Thursday, May 12, 2022

The Feast of St Pancratius

May 12th is the feast of the Roman martyr St Pancratius (also known as Pancras in English), a martyr of the persecution of the Emperor Diocletian. Born in Phrygia to Roman parents, his mother died in childbirth, and his father when he was eight, leaving him to the care of his uncle Dionysius, who brought him to Rome. When all Christians were called upon to sacrifice to the idols, they both refused, and thus received the crown of martyrdom; Pancratius was 14 years old at the time of his death. In the Roman world, this was roughly the earliest age at which a young man could receive the toga virilis, which signified that he was now entering adulthood. The Roman station church of Low Sunday is the basilica dedicated to him on the Janiculum hill, so that the newly baptized would lay aside the white garments of spiritual infancy at the tomb of one who gave his life for Christ when he had only just become an adult, and legally capable of being killed for his faith. Over the course of Lent, the catechumens had visited the churches of many different martyrs; on the day they become adults within the Church, they are reminded that although they are just at the very beginning of their spiritual adulthood, they must give their whole lives to Christ, who gave His own for the salvation of the world.
The skull of St Pancras, encased in a silver and bronze reliquary, and displayed for his feast day in his church in Rome. (Also perfectly positioned so that from no angle could lens-flare be avoided.)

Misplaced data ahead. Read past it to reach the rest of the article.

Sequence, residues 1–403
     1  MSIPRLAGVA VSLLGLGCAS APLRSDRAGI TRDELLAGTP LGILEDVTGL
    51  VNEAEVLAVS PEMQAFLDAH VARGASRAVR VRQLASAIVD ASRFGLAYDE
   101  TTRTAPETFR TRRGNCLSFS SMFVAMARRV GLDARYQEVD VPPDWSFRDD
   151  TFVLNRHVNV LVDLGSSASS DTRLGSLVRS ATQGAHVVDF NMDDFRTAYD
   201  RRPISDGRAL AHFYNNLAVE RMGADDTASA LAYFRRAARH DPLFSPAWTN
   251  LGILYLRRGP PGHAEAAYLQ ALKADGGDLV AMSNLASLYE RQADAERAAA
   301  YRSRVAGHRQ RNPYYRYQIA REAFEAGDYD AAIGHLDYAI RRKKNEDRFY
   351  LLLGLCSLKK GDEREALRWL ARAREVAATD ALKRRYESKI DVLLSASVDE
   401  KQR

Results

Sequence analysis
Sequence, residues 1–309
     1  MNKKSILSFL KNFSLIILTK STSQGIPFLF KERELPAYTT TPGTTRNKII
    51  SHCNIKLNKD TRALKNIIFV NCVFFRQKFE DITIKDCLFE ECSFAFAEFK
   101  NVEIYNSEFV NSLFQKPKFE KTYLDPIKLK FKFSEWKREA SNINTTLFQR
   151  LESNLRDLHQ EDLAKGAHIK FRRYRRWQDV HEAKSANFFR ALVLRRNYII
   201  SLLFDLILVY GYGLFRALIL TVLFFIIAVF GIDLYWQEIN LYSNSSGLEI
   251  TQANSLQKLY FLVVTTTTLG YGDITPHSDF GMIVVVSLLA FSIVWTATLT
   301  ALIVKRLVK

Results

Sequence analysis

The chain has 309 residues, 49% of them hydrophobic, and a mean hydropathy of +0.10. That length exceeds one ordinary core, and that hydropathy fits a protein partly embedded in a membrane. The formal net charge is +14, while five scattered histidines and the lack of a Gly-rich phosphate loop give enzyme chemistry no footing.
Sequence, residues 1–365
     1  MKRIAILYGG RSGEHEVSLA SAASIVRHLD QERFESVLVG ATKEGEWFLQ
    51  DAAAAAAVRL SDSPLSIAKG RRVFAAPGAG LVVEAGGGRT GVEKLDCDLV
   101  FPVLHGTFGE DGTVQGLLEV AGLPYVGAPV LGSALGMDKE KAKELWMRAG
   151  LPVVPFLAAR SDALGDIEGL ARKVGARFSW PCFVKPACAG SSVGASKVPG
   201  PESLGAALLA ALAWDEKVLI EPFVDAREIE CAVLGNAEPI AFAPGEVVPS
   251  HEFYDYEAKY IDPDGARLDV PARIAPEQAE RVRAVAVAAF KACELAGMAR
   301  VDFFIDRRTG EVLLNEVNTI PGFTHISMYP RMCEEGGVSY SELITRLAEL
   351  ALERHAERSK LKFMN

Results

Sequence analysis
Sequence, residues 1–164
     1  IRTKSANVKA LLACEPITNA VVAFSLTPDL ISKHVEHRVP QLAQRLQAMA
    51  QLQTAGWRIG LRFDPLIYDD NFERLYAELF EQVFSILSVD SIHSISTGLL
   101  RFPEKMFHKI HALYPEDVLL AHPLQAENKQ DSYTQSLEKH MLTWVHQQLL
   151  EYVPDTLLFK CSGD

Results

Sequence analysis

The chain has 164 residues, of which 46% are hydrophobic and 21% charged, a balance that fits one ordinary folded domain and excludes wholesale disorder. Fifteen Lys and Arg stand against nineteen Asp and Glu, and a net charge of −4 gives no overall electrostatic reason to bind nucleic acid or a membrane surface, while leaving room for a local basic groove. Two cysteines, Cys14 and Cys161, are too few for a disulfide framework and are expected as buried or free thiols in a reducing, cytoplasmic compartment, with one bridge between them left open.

Devotion to St Pancras was formerly very great, and starting in the Carolingian era, parts of his relics were brought to churches throughout Europe. His skull was for many centuries kept at the Pope’s cathedral of St John in the Lateran, and an old tradition states that tears flowed from it when the building was razed to the ground by a massive fire in 1360. In 1965, this relic was returned to the basilica on the Janiculum, which, however, was itself very badly damaged during the shameful episode now known to history as the Roman Republic of 1849. A church in Pancras’ honor was founded in London by St Augustine of Canterbury, which would eventually give its name to the area around it, and hence to one of the city’s major train stations.
The pulpit is decorated with a statue of the Saint holding a reliquary of himself in one hand, and the palm branch which symbolizes the victory of his martyrdom in the other.

This pulpit is very new, but has some nice work on it in the Romanesque style.
The silver bust reliquary shown above is normally kept in this compartment on the wall of the church’s right nave; when it is moved into the sanctuary for the feast, it is replaced with another relic of St Pancras. This part of the church is said to be the very place where he and his uncle were beheaded.
The church’s very large organ was installed right in the sanctuary in the reign of St Pius X. One can only assume that the organist is under orders from the celebrant NOT to pull out all the stops during Mass...
Each year for the feast of their patron Saint, the Discalced Carmelite friars who now run the basilica of St Pancras invite a different Roman college of an Eastern rite to celebrate the Divine Liturgy. This photos was taken in 2016, when it was the turn of the Ukrainian College of St Josaphat, their neighbors on the Janiculum.

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